Saturday, April 11, 2015

Profitable Pollution Control

As I noted in a recent post, corporations are nothing if not inventive when it comes to reducing their property taxes and asking you to pick up the tab. Last week they were touting SB 394, which allows a handful of companies to treat almost all their property as intangible, and therefore not taxable. This week they were back in the Senate Tax committee promoting HB 156, sponsored by Rep. Mike Miller, which would make their tangible pollution control equipment tax exempt as well. If they keep going this way, pretty soon they won’t be worth anything at all, at least for tax purposes.

The rationale these guys offer for exempting pollution control equipment is that it “doesn’t add anything to their bottom line.” They keep it around only because a slew of EPA regulations require them to, and since it doesn’t help them make money, it’s not worth anything. Presumably, if the regulations went away, so would the pollution control equipment, and these folks would be able to pollute to their hearts’ content.

Superficially, at any rate, this seems to make some sense. Capital equipment that allows a business to reduce its costs and increase its profits is obviously valuable and worth having. If I can buy a $1,000,000 machine that over its lifetime reduces my labor, or energy, or raw material costs by, say, $1,500,000, my “bottom line” is going to be a little plumper. But if that machine is simply reducing my pollution, and I can pollute for free, I’m gaining nothing.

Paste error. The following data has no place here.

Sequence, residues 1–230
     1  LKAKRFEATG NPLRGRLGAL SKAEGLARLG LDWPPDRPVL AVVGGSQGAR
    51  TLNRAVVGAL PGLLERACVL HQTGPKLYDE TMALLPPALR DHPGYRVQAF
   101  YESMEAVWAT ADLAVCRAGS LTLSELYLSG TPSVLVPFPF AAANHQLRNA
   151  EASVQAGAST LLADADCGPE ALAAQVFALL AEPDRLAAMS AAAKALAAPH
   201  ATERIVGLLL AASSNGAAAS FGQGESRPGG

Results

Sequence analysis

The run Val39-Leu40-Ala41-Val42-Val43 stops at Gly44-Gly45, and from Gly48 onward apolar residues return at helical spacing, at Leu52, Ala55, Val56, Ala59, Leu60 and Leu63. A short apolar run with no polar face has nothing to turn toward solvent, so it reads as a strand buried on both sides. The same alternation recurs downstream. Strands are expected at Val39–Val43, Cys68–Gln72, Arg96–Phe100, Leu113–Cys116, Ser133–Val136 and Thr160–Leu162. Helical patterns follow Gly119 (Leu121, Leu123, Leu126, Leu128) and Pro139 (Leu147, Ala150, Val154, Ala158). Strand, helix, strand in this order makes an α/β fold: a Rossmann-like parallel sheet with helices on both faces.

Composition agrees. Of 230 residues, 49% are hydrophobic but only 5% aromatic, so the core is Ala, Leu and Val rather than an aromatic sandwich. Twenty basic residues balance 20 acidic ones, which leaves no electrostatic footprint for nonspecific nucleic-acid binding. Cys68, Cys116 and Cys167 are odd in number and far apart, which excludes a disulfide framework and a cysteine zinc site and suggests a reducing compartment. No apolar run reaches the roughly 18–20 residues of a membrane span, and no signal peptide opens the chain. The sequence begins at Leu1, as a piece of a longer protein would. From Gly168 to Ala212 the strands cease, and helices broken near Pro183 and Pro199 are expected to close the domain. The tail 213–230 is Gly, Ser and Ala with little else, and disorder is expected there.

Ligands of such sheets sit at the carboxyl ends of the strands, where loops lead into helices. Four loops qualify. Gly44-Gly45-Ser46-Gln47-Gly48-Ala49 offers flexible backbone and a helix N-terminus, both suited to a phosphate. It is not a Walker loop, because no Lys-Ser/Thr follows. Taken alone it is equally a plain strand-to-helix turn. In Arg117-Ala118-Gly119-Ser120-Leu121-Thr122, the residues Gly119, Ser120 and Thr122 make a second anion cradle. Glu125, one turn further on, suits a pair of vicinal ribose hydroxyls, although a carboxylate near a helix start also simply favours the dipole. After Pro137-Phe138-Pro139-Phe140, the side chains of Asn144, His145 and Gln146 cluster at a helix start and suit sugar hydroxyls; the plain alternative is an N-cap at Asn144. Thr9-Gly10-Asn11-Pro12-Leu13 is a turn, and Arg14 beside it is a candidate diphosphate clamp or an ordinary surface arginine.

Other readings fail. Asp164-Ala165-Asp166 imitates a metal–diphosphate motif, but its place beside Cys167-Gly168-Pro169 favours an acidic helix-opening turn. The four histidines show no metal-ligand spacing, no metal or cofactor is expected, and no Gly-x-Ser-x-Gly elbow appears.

The trouble is, the days when I could pollute for free are long gone.

One of the insights of environmental economics that’s wormed its way into the formulation environmental policy is that economic efficiency requires firms to “internalize their externalities.” In real people talk, that means that if companies are imposing costs on the rest of society by polluting the environment, they should darn well pay for them. “Paying to pollute” is a policy that most environmental economists really like: make companies pay, and let them figure out how much and what kind of pollution control equipment they want to install to cut those payments down.

Exhibit A of the “paying to pollute” principle is probably the carbon tax, which a lot of people (not including climate change deniers) tend to like. But that’s not typical. Lots of people get a little queasy about the idea of allowing companies to pump crud into the air and water as long as they pay for it. Sure, the economists say that making companies pay for pollution will induce them to control and reduce it, but can we really count on that? And should the natural environment really be rented out as a dumping ground for industrial and household waste? Because of these doubts, we have typically decided not to require companies to pay for their pollution, and instead required them, through regulations, to install pollution control equipment.

So now imagine that we drop the regulations and that the companies are no longer required to install pollution control equipment. Would their bottom line improve? Well, of course it would, if they didn't have to pay for their pollution,

But that’s not the deal: they are regulated so they don’t have to pay. Take away the regulations and they do. So having that pollution control equipment in place, even if it’s there because the EPA says it has to be, is keeping companies from being presented with big fat pollution invoices, and that adds plenty to their bottom lines.

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